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Research Papers: Gas Turbines: Turbomachinery

Design Methodology for Supersonic Radial Vanes Operating in Nonideal Flow Conditions

[+] Author and Article Information
Nitish Anand

Propulsion & Power,
Aerospace Engineering Faculty,
Delft University of Technology,
Kluyverweg 1,
Delft 2629 HS, The Netherlands
e-mail: N.Anand@tudelft.nl

Salvatore Vitale

Propulsion & Power,
Aerospace Engineering Faculty,
Delft University of Technology,
Kluyverweg 1,
Delft 2629 HS, The Netherlands
e-mail: S.Vitale@tudelft.nl

Matteo Pini

Propulsion & Power,
Aerospace Engineering Faculty,
Delft University of Technology,
Kluyverweg 1,
Delft 2629 HS, The Netherlands
e-mail: M.Pini@tudelft.nl

Gustavo J. Otero

Energy Technology,
Mechanical Engineering Faculty,
Delft University of Technology,
Leeghwaterstraat 39,
Delft 2628 CB, The Netherlands
e-mail: G.J.OteroRodriguez@tudelft.nl

Rene Pecnik

Energy Technology,
Mechanical Engineering Faculty,
Delft University of Technology,
Leeghwaterstraat 39,
Delft 2628 CB, The Netherlands
e-mail: R.Pecnik@tudelft.nl

1Corresponding author.

Contributed by the Turbomachinery Committee of ASME for publication in the JOURNAL OF ENGINEERING FOR GAS TURBINES AND POWER. Manuscript received August 21, 2017; final manuscript received April 17, 2018; published online November 14, 2018. Assoc. Editor: David Sánchez.

J. Eng. Gas Turbines Power 141(2), 022601 (Nov 14, 2018) (9 pages) Paper No: GTP-17-1470; doi: 10.1115/1.4040182 History: Received August 21, 2017; Revised April 17, 2018

The stator vanes of high-temperature organic Rankine cycle (ORC) radial-inflow turbines (RIT) operate under severe expansion ratios and the associated fluid-dynamic losses account for nearly two-thirds of the total losses generated within the blading passages. The efficiency of the machine can strongly benefit from specialized high-fidelity design methods able to provide shapes attenuating shock wave formation, consequently reducing entropy generation across the shock-wave and mitigating shock-wave boundary layer interaction. Shape optimization is certainly a viable option to deal with supersonic ORC stator design, but it is computationally expensive. In this work, a robust method to approach the problem at reduced computational cost is documented. The method consists of a procedure encompassing the method of characteristics (MoC), extended to nonideal fluid flow, for profiling the diverging part of the nozzle. The subsonic section and semibladed suction side are retrieved using a simple conformal geometrical transformation. The method is applied to design a supersonic ORC stator working with Toluene vapor, for which two blade shapes were already available. The comparison of fluid-dynamic performance clearly indicates that the MoC-Based method is able to provide the best results with the lowest computational effort, and is therefore suitable to be used in a systematic manner for drawing general design guidelines.

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Figures

Grahic Jump Location
Fig. 1

Method of characteristics implemented to design the diverging section of the supersonic nozzle. The lines with positive slope represent positive characteristics and those with negative slope are negative characteristics.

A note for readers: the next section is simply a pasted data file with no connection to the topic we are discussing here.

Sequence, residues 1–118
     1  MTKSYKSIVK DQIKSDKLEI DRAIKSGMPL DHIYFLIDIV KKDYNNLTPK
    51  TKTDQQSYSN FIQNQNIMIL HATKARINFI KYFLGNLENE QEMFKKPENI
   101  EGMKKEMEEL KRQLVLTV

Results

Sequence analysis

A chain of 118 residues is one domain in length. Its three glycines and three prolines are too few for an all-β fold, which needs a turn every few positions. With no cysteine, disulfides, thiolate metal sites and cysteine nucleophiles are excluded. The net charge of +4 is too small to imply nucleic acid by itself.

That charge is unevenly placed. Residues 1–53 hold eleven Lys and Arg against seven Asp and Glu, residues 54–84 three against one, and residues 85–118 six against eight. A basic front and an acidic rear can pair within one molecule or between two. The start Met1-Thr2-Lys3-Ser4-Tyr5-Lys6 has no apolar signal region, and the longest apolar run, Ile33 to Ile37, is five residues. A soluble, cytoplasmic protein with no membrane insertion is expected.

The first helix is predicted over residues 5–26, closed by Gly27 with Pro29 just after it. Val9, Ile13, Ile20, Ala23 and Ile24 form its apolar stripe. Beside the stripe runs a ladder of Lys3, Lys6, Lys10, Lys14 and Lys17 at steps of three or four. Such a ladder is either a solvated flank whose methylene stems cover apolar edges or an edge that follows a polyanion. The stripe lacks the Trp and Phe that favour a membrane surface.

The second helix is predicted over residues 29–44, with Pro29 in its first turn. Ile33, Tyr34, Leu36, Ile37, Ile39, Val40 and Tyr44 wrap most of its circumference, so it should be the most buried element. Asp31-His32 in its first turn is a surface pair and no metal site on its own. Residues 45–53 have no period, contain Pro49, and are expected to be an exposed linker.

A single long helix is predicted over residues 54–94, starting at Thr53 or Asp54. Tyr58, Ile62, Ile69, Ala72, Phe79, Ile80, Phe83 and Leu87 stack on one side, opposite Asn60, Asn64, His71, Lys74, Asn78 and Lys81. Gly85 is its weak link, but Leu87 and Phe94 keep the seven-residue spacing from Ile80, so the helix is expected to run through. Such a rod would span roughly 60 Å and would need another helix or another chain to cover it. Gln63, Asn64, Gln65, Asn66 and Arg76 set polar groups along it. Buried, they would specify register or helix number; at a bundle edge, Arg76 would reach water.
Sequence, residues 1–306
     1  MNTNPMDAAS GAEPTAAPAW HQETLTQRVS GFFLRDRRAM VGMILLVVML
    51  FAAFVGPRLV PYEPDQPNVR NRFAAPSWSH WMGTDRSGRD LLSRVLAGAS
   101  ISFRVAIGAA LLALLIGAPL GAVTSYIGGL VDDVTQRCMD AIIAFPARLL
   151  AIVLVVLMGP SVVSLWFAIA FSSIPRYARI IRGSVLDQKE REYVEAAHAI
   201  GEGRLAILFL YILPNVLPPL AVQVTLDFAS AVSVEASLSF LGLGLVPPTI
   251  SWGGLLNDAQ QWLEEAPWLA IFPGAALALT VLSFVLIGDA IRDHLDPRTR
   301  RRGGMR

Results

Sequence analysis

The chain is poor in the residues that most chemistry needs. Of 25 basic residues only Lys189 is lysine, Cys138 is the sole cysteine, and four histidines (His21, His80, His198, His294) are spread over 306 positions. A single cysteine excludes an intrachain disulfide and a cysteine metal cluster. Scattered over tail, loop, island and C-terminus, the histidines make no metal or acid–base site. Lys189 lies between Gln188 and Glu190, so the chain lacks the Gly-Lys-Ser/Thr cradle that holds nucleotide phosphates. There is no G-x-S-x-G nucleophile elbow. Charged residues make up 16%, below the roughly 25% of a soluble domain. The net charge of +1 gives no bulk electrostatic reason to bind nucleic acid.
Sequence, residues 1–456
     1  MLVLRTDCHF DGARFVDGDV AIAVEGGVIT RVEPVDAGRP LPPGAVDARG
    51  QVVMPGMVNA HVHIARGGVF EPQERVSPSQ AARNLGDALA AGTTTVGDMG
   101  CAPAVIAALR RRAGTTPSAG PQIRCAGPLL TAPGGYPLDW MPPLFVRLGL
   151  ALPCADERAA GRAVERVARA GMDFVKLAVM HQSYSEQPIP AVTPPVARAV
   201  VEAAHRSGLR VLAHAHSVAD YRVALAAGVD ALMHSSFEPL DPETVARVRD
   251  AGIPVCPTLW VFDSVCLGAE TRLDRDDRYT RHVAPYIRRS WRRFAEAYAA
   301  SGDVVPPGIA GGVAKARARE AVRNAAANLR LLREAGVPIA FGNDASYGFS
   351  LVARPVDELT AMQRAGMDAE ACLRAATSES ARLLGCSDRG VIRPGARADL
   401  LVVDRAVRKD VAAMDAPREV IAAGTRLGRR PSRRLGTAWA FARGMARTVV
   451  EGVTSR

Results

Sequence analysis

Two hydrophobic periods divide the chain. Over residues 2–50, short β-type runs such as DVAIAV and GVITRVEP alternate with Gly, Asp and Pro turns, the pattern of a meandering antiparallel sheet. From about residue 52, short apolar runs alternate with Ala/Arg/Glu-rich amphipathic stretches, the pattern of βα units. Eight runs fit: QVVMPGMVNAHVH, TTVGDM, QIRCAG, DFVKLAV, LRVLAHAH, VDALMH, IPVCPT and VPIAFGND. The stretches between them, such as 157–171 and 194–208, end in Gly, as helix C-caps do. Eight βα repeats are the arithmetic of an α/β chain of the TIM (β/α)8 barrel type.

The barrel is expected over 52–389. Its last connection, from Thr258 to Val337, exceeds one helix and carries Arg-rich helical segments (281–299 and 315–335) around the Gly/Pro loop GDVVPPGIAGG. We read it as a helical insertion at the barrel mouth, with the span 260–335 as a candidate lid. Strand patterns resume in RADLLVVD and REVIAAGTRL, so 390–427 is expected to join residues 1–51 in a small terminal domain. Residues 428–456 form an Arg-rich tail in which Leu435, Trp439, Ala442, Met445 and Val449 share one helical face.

Grahic Jump Location
Fig. 2

Comparison of nozzle shape for air and Toluene (using MoC)

Grahic Jump Location
Fig. 3

Steps illustrating the design of supersonic radial stator. The axial nozzle from MoC is transformed to the radial inlet design and rotated by the pitch angle (i.e., 360/n).

Grahic Jump Location
Fig. 4

Geometrical construction of the supersonic radial stator vane. The gray vanes are the copy of the black vane rotated by the pitch angle on the either sides.

Grahic Jump Location
Fig. 5

Stator vane geometries: (a) baseline, (b) shape-optimized, and (c) MoC-based

Grahic Jump Location
Fig. 6

Geometry [left] and mesh [right] of the baseline stator. The shaded area in the geometry represents one flow passage in the stator. The flow passage downstream of the throat is representative of the area for which the solution has been reported in this work. aa′; bb′, and cc′ are the cross sections across which the pressure ratios are reported.

Grahic Jump Location
Fig. 7

Variation of solution with grid size

Grahic Jump Location
Fig. 8

CFD results of the baseline stator: (a) Mach number contour and (b) pressure gradient contour

Grahic Jump Location
Fig. 9

CFD results of the Shape-optimized stator: (a) Mach number contour and (b) pressure gradient contour

Grahic Jump Location
Fig. 10

CFD results of the MoC-Based stator: (a) Mach number contour and (b) pressure gradient contour

Grahic Jump Location
Fig. 11

Instantaneous stator exit property distribution. θθ = 0 and 1 represent stator outlets at two adjacent vane trailing edges. Dashed lines represent target values: (a) Mach number and (b) flow angle.

Grahic Jump Location
Fig. 12

Instantaneous property variation on the suction side wall, downstream of the throat. LdssLdss = 0 represents the throat and LdssLdss = 1 represents stator trailing edge, where ΔLdss = distance between points na1 and na3 in Fig. 4: (a) wall angle and (b) static pressure.

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